Epson salt works best in acidic soil when plants cannot absorb magnesium easily. Explore how Epsom salt is good for onions by applying it directly to the ground.
Is Epsom salt good for vegetable plants? Yes, it’s easy to add to the bed to encourage seed germination, promote veggie plant growth, and prevent blossom end rot. It’s useful to perform a soil test first since most vegetables want a pH between 6.0 and 7.0. It helps with magnesium deficiency in pepper plants and other garden veggies.
To use Epsom salt in the vegetable garden, add a teaspoon of the salt to the hole before planting seeds or young plants. Plant the veggies as directed, fill in the dirt, and water well without soaking the ground.
Liquid Application of Epsom Salt for Vegetables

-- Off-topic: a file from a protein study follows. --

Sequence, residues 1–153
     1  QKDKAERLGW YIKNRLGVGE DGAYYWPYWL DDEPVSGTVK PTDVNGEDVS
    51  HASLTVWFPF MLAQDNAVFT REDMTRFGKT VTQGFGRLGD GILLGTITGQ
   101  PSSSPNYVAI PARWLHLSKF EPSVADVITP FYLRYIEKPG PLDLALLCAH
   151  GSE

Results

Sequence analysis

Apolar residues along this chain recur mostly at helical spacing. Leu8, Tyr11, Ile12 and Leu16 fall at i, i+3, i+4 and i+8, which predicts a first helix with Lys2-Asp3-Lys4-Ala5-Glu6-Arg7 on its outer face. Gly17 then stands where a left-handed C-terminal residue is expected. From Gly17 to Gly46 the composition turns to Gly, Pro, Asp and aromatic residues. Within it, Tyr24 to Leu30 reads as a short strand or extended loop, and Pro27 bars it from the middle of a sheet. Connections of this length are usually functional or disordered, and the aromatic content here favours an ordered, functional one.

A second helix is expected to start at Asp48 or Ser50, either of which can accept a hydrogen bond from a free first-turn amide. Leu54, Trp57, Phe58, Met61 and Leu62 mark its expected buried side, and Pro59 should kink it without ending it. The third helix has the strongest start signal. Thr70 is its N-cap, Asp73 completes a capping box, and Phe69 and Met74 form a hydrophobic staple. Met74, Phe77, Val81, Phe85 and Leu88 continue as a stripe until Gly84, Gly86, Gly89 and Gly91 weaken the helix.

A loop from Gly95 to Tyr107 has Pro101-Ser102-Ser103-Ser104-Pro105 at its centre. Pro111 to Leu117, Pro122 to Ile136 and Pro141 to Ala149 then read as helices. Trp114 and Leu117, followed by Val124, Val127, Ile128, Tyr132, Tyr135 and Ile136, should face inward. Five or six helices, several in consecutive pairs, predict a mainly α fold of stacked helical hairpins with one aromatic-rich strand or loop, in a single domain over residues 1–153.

Tomatoes and peppers are two vegetables that often suffer from magnesium deficiency, resulting in reduced fruit production and yellowing of the plant leaf. Learn how to use Epsom salt for blueberry bushes and veggie plants by making a foliar spray to give your plants a quick boost.
To make pepper or tomato fertilizer with diluted Epsom salt, combine a gallon of distilled water with a teaspoon of Epsom salt in a watering can and water your plants as usual.
Or, pour the Epsom salt solution into a spray bottle, and spritz plant leaves when it flowers and again when it begins to form fruit. Follow the same process for fertilizing bush beans, eggplant, squash, and other garden veggies.
Add Epsom salt to the planting hole before adding veggie plants. Use Epsom salt immediately when planting tomatoes in your garden for an extra boost of magnesium.
Combining Epsom Salt with Eggshells for Vegetables
Is Epsom salt good for vegetables? This mineral is helpful for feeding plants, and combining it with eggshells provides your tomato plant extra calcium to prevent blossom end rot.